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Graduate to innovate is key to start-up success

18 July 2019

Not all students graduate to pursue a career. Some set up their own ventures. Cardiff University nurtures early student ideas through a Student Enterprise pipeline that offers advice and insight to help the business grow. This year, three of the four finalists in the graduate category of the Wales Start-Up Awards have grown through Cardiff’s Enterprise and Start-Up scheme. Here, Mohamed Binesmael explains why he founded Route Konnect – a company developing sensors to detect and process real-time traffic information – and reflects on why success rarely happens overnight.

‘Graduation! What a day. The start of a new era for you! Some will tell you to enjoy the next few months before the decades long slog of a “career”. But why does that have to be a slog? Deep inside, I knew I didn’t want to subscribe to that mentality.

The graduate career versus further academic study is often the usual discussion. However, two other options you may have not considered are developing a business, or freelancing.

My Story

Over the past two years, I’ve had the opportunity to explore three of these paths. During my final year in 2017, I had the opportunity of developing a concept as far as The Telegraph STEM Awards finals. That kickstarted my interest in making the concept a reality.

After graduating in 2017, I decided to pursue further study with a PhD. You often hear about all these founders that left for their business. At the time, I could not envisage that this would ever happen to me. I felt that I would continue the PhD to the end.

Taking the business fulltime was in a way forced on me after I had persisted with applications to competitions and accelerators whilst focusing on my PhD in 2018. One of these accelerators happened to be organised by the Dubai Government, and we were invited out there for two months.

This of course meant I had a clash. And you’ll face these difficult decisions too if you’re keen on pursuing a different path. Thankfully, the university was really supportive of me, and the decision in my supervisor meeting boiled down to whether I paused for three months, or a full year.

I went for that full year because I was really keen to explore the opportunity to its fullest. I’m still in the middle of that year out. Of course, this poses its own difficulties, and during my time at Dubai, I had been made aware of the huge benefits of freelancing.

How to Do It Right

Running a business can be boiled down into two key elements. You need to find customers, and you need to build a minimum viable product for those customers. This process is difficult and may need you to pivot on your assumptions and approaches many times.

The way you test if you’re going down the right path, is by continuously pitching at small competitions and events, applying to competitions, and gathering constant feedback.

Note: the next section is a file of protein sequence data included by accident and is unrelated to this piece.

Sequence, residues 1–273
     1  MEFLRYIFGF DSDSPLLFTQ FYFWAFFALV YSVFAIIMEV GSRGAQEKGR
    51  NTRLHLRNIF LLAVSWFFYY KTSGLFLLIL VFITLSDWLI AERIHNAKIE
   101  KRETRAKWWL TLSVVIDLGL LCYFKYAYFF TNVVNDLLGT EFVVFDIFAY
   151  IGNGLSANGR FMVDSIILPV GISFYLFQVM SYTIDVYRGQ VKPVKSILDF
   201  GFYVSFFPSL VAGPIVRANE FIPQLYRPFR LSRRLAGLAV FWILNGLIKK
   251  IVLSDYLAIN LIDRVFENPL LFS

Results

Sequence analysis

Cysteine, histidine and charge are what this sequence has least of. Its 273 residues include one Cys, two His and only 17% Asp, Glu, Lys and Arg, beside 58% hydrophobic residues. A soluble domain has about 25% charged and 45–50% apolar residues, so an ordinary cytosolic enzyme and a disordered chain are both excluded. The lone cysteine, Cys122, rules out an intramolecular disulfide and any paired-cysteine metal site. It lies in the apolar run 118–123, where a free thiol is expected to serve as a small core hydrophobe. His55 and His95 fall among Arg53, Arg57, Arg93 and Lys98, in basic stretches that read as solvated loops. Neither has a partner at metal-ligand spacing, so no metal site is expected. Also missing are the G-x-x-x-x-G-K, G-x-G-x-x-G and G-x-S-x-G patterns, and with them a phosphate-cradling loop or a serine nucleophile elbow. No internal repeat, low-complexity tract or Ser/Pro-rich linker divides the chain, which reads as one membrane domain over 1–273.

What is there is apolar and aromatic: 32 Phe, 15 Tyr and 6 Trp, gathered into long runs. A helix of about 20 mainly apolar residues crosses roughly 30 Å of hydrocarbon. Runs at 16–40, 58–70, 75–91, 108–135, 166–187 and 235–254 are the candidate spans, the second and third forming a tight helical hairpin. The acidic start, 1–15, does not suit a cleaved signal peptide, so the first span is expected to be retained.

That process of experimenting however means that you’re not necessarily making money from the business just yet. At least not anything that’s stable compared to a graduate job or funded research. Accumulating savings before taking the plunge with the business, or dabbling in freelancing could help provide that stability whilst not committing to a rigorous schedule of a job.

The key aspect with freelancing, is to hone in on a skill that’s not only highly sought after in the market, but also one you enjoy. I personally love making presentations for people and writing about technology. For you, it could be website designs, graphic designs, forms of copywriting; be it fiction or otherwise, or even programming.

Freelancing won’t happen overnight either. Build up your reputation, and create a portfolio of your work. Be sure to also pick up on some online courses as you may not be as sharp as you thought for your skills!

Final thoughts

Having a degree, with all the translatable skills you’ve now picked up, opens your doors wide open. In this day and age, those options of picking your next step are also diverse.

Wanting to develop a business today to win investment is no longer just about having the idea. You need to test it, and you need to win customers over by bringing value to them for their problems and needs.

I’m still in that process, and it’ll still be a bit of time before that “overnight success” happens. The question is: Is this the right path for you too?’

Mohammed Binesmael’s Route Konnect will compete alongside Daniel Swygart’s Alpacr and Joseph Ward’s SmallSpark in the Wales Start-Up Awards on 20 September 2019.


1 comment
  1. Tala

    The first time I met you I got impressed with your presentation and performance. I knew that you are talented! Well done

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